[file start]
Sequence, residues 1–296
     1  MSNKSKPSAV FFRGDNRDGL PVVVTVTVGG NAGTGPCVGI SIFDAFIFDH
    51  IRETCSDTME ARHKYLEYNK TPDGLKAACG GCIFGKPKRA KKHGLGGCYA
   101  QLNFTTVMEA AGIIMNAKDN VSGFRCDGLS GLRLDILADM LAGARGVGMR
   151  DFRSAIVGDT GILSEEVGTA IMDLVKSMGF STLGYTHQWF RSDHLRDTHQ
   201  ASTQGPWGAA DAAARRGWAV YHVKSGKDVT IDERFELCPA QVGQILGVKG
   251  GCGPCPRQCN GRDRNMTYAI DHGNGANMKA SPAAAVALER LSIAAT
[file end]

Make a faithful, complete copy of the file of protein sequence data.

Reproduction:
Sequence, residues 1–296
     1  MSNKSKPSAV FFRGDNRDGL PVVVTVTVGG NAGTGPCVGI SIFDAFIFDH
    51  IRETCSDTME ARHKYLEYNK TPDGLKAACG GCIFGKPKRA KKHGLGGCYA
   101  QLNFTTVMEA AGIIMNAKDN VSGFRCDGLS GLRLDILADM LAGARGVGMR
   151  DFRSAIVGDT GILSEEVGTA IMDLVKSMGF STLGYTHQWF RSDHLRDTHQ
   201  ASTQGPWGAA DAAARRGWAV YHVKSGKDVT IDERFELCPA QVGQILGVKG
   251  GCGPCPRQCN GRDRNMTYAI DHGNGANMKA SPAAAVALER LSIAAT